Continues from Part 4
When ordering the keycaps I had to make a few colour changes. Also changed the Esc logo from an airplane to the international symbol sign, and asked the FontAwesome people to add it to their collection
Decided the Yin Yang symbol was a bit too clichéd and Eastern, so switched it for something more interesting. I had seen the symbol in FontAwesome but had no idea what it was, but my interest was piqued. But the Internet always delivers, and a few days later I stumbled across some Star Wars symbols and there is was… a quick visit to Wikipedia and it’s fate was sealed. The Rebel Alliance lives. I also noticed that recent Microsoft keyboard designs have started playing down that key, and the Menu key, so I decided to combine them into one. I was looking for an extra key, because the period and comma were buried in the numpad, and while useful there when dealing with numbers, it was a bit inconvenient the rest of the time for such frequently used characters. I added some extra ones.
I also added a “Magic” key on both sides. The idea with this is that the user can assign it to do whatever they want it to. It may also come in handy when playing games. This required moving both nav clusters one key towards the outsides.
The Escape symbol looked a bit tacky to I tried using the Unifont symbol for Escape, but the fonts I have don’t do it so nicely. Other fonts that do are not free. I have asked FontAwesome to add it in as well …
Finally, I added some MultiMedia controls. Not happy with them as the only ones I could find where in FontAwesome and they’re a bit heavy. The volume-up and volume-down characters would not copy so I could not insert them.
Upon reflection I decided that the locations of the new period and commas were not finger-friendly, so moved them to the middle, below the quote symbols. Also switched the Control and Meta/Menu keys back to more conventional positions, particularly for people who are used to the ctrl-a/z/x/c/v key shortcuts. This allowed me to move the nav keys back in closer toward the middle again.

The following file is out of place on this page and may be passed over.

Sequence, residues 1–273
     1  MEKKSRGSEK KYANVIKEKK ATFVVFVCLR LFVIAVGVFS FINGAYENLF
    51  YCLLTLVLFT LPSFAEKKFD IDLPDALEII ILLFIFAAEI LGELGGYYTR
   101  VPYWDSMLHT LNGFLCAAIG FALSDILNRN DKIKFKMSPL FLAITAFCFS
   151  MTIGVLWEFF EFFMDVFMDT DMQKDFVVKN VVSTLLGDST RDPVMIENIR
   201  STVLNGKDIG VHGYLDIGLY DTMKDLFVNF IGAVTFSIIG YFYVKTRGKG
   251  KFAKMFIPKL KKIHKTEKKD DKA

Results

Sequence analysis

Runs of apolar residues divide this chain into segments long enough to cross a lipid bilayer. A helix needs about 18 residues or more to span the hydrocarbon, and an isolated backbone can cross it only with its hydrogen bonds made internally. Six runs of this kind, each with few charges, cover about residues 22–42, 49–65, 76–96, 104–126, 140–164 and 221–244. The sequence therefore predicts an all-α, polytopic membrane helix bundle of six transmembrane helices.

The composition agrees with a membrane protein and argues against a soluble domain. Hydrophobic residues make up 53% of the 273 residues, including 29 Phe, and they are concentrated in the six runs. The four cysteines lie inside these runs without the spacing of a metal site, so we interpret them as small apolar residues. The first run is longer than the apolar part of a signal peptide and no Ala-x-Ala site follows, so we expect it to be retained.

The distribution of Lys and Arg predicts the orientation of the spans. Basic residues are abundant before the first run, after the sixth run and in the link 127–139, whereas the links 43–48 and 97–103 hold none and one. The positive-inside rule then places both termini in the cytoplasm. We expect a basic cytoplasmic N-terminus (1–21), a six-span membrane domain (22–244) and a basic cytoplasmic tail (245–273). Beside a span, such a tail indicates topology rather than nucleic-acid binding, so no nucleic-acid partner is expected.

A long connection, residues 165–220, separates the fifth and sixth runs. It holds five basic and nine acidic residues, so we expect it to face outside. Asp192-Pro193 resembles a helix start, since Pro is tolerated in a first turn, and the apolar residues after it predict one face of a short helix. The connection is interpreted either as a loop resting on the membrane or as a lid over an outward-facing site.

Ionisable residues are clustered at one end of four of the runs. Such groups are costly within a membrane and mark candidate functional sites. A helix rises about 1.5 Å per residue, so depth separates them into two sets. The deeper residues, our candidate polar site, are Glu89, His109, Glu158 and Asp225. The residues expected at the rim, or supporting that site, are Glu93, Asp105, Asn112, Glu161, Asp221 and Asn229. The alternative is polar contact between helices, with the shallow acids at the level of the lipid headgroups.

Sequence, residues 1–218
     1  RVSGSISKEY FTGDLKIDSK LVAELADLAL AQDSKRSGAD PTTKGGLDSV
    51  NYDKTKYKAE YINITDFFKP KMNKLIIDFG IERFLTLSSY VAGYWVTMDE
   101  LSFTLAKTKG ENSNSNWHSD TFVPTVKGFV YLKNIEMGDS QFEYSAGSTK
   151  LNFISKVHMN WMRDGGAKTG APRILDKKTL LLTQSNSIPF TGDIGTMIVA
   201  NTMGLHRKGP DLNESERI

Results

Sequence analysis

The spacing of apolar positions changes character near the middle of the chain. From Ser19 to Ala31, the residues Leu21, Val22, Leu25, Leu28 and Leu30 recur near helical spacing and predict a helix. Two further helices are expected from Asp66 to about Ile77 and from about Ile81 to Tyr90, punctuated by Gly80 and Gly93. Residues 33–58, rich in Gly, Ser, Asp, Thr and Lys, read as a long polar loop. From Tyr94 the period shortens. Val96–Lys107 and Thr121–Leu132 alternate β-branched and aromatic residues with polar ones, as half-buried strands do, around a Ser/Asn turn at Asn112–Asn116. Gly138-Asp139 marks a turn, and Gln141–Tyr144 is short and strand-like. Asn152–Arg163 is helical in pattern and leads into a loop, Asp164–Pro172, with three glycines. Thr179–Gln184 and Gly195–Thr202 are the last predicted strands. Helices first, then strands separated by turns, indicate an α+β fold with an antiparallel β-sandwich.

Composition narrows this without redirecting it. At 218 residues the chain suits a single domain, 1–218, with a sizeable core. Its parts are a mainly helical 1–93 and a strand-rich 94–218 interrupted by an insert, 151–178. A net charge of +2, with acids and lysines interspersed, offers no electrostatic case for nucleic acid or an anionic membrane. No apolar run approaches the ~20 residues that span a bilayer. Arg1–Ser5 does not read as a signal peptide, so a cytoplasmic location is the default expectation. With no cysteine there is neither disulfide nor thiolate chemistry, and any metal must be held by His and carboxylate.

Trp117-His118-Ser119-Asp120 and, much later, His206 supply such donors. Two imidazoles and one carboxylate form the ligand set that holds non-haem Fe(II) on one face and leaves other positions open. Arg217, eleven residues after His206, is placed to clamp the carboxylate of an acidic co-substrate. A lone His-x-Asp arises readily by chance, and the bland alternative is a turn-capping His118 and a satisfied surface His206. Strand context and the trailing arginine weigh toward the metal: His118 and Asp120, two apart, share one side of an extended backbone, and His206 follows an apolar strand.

Lastly, I’ve been dabbling on-and-off over the years with Unifon, which was designed to be a rational way of spelling, not only for English but also other languages. In practice it was used to rapidly teach children to read. The English set consists of 40 letters, so I tried adding them to the layout. The idea is that for example, one of the Magic keys could be used to switch from normal letters to the Unifon set, to make it easy to type in those glyphs. I marked lower and upper letters. Originally Unifon only had uppercase, but it does tend to look it everything is shouting, so they developed “small cap” versions to act as lowercase. This contrasts to English where the upper and lowercase letters often look completely different, presenting an extra hurdle to those learning to read. The names of the letters are also different to their pronunciation, while that is not the case in Unifon.
In assigning the non-standard letters, I tried to pick keys which would hint at the actual letter.
Continues in Part 6.